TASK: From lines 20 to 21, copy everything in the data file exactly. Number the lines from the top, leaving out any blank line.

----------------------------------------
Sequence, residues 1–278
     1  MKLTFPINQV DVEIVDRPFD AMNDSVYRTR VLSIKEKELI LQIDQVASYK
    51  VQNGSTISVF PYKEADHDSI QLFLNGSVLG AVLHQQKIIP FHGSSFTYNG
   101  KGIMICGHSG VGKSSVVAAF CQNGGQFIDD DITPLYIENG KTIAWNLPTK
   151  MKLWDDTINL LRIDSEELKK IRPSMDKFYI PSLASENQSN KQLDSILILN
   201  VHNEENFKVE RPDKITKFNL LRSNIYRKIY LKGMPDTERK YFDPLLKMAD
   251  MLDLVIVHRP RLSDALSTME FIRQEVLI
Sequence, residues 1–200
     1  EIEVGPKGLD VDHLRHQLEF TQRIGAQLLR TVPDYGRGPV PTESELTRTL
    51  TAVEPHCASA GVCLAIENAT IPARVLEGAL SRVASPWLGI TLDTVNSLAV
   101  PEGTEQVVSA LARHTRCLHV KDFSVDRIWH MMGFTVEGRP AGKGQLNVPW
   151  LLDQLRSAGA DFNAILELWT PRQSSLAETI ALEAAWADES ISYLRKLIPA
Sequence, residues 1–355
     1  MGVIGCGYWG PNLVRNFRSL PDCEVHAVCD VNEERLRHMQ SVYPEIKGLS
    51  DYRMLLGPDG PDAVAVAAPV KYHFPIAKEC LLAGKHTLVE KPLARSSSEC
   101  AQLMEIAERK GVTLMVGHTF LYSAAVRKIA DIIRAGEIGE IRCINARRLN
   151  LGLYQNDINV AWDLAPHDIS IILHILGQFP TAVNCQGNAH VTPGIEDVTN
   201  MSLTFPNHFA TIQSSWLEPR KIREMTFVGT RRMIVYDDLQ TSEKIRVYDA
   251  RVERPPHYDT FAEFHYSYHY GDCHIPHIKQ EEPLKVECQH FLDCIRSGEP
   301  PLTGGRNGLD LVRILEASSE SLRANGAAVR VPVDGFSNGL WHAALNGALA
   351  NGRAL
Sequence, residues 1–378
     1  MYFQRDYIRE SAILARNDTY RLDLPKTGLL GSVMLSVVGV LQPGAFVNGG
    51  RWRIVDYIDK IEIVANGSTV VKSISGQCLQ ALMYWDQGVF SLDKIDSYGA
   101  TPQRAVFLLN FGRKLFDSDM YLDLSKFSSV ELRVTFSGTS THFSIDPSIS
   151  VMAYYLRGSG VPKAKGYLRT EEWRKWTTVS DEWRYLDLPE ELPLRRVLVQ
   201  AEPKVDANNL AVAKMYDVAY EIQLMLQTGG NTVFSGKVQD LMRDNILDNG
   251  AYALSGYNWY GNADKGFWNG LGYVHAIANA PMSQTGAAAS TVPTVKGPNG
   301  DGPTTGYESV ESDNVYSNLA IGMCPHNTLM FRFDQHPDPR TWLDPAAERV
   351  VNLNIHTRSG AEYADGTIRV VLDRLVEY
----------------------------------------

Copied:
   301  PLTGGRNGLD LVRILEASSE SLRANGAAVR VPVDGFSNGL WHAALNGALA
   351  NGRAL